Balter Pilsner

Total Score: 8.05/10 GreenApple1Bread1CutGrass1Stein1

Next up from Balter is their latest brew from brewmaster Scott Hargrave, which I believe is a core release beer, and a Pilsner to boot. As I noted in my last Balter review (of their Alt-Brown) it had “all the elements in place to be a great beer but it’s just far too laidback and surfy for my tastes… dude”. Hopefully this is a decent German Pilsner, not some layabout surfy chillax bro-man-dude idea of a Pilsner – Pilsners as noted by the mighty Hargrave: “… are technically challenging. It comes down to great ingredients and process, because every part of making a Pilsner has to be as good as you can do it … It’s a beer that has to stand alone because it’s good – plain and simple.” I agree with you wholeheartedly Scott.

Poured from a 375ml can into a stein.

A: Crystal clear golden body and a sea foam white head that started out rather well with a nice German 2 centimetres, but before I even finished typing this it was a disappointing wafer-thin patchwork. 6/10.

S: Nice mix of bready and dry cracker notes upfront, a tiny hit of spicy hops in the background and lingering crisp apple rounds out a fairly decent Pilsner aroma – it’s got the legs of a fine dry/moreish Lager, which is rarer than it should be in the Aussie craft scene. 7/10.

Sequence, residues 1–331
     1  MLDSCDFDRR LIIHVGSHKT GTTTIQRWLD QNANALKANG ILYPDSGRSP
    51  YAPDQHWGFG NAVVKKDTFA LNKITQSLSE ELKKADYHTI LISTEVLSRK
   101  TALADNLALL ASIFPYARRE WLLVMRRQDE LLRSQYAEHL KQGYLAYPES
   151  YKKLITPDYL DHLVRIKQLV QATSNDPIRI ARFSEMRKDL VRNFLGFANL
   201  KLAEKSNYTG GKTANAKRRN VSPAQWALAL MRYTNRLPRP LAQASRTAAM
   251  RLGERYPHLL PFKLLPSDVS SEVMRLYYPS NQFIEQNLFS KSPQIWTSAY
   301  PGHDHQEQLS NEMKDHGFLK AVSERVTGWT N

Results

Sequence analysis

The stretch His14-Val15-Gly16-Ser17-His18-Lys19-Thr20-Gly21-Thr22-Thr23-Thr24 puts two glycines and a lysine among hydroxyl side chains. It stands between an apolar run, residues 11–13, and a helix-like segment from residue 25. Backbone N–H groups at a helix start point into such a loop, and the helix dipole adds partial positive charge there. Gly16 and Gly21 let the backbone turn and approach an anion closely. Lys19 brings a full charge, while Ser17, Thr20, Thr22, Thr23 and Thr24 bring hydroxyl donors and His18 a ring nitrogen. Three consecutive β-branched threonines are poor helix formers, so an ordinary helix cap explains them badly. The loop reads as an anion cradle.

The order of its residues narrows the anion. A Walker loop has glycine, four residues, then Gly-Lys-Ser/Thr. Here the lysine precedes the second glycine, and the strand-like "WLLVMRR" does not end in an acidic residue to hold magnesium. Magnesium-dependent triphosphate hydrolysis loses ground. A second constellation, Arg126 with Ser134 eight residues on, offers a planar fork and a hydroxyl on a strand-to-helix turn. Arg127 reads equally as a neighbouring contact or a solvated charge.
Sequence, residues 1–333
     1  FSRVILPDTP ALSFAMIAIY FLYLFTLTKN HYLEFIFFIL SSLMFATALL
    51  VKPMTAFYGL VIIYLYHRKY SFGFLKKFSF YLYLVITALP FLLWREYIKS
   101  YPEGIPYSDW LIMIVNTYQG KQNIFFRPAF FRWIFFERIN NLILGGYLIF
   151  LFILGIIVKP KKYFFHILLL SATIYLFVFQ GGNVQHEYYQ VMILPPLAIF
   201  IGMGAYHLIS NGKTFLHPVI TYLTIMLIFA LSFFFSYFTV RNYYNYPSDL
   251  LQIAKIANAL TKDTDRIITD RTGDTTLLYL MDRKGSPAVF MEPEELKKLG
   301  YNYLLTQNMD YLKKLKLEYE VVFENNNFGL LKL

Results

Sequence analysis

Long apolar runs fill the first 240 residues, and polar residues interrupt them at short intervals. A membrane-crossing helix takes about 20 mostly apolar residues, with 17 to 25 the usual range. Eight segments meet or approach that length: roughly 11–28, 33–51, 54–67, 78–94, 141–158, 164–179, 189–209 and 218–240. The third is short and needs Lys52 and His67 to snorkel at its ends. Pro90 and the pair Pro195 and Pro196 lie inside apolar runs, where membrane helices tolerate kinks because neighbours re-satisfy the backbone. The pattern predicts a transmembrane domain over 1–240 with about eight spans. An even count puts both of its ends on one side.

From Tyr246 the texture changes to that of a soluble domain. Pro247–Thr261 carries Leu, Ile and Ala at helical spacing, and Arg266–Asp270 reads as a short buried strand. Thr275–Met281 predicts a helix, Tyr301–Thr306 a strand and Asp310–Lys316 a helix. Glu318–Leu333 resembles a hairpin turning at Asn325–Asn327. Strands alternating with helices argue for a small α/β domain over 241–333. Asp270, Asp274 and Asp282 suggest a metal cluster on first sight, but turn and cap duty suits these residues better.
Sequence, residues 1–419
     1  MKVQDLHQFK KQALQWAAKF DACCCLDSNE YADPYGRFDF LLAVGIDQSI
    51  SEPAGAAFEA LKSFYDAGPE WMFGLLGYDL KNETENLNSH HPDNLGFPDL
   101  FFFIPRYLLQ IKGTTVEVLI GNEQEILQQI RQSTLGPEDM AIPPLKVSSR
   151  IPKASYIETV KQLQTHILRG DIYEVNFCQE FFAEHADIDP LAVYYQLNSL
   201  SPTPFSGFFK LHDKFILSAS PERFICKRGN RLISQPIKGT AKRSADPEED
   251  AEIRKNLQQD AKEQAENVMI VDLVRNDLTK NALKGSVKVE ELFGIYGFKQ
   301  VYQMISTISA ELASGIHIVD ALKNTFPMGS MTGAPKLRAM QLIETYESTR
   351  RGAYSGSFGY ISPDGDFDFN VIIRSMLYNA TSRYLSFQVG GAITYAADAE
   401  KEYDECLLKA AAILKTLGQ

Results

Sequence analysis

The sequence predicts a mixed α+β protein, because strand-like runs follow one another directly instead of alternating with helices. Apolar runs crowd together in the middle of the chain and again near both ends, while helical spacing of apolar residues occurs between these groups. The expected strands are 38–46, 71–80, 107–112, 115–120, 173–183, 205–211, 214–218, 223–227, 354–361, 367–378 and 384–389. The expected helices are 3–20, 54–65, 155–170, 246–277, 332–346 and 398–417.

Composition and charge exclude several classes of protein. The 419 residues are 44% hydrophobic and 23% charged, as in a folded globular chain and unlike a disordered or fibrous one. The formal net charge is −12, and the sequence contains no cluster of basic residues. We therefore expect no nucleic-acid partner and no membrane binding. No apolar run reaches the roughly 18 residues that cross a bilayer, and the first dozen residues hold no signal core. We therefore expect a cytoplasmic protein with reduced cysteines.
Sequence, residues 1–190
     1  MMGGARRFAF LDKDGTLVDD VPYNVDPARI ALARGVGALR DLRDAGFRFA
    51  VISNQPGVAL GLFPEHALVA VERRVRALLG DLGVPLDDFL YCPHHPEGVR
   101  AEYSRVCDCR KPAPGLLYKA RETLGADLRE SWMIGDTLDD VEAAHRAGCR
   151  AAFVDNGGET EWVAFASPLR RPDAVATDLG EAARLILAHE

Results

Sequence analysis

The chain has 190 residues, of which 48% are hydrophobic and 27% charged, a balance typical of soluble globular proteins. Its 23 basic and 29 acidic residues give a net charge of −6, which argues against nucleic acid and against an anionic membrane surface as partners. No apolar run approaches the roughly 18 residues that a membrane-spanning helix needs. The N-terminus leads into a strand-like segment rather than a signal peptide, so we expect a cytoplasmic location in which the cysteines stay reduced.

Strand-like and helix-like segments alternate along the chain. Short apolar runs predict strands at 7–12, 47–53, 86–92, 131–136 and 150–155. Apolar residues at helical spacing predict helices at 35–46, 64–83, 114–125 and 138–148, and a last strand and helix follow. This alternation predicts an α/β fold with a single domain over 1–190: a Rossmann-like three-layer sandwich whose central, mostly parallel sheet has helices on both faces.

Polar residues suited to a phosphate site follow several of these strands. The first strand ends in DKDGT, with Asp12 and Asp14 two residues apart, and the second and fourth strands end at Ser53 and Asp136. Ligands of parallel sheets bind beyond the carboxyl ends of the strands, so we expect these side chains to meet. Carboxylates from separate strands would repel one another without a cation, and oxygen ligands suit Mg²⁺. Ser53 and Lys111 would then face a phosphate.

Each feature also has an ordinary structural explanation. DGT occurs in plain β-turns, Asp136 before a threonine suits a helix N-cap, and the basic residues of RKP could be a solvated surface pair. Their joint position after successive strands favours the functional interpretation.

T: Yep! This is definitely one of the best Aussie craft Lagers I’ve come across: Bready/dry cracker, light grainy note, hint of green apple, light spicy finish with a bit of a cut grass tinge. Balance leans slightly towards malt but is overall quite BIG [Bearing Immense Gusto] and unexpected from Balter after Alt-Brown (I wasn’t expecting a BIG tasty German Pilsner tap dancing all over my tongue but here we are!). Kinda reminds me (in all the good ways) of an amped-up Löwenbräu Original. This also has hints of dry vermouth ethanol. 9/10.

M: Mid to light (leaning towards medium) bodied with an almost flat/dense carbonation. 7/10.

D: Top-bloody-notch effort for an Aussie brewer to make a real German Pilsner that… err, actually tastes like a German Pilsner. You can tell from the first sip that Hargrave has gone as traditional and natural in his methods with this beer than most others – like he noted above with the making of Pilsners: “… every part of making a Pilsner has to be as good as you can do it”, exactly! This guy: Nailed it. 8/10.

Food match: If it’s German/Aussie, and sausage of the grilled variety it is on like DK!

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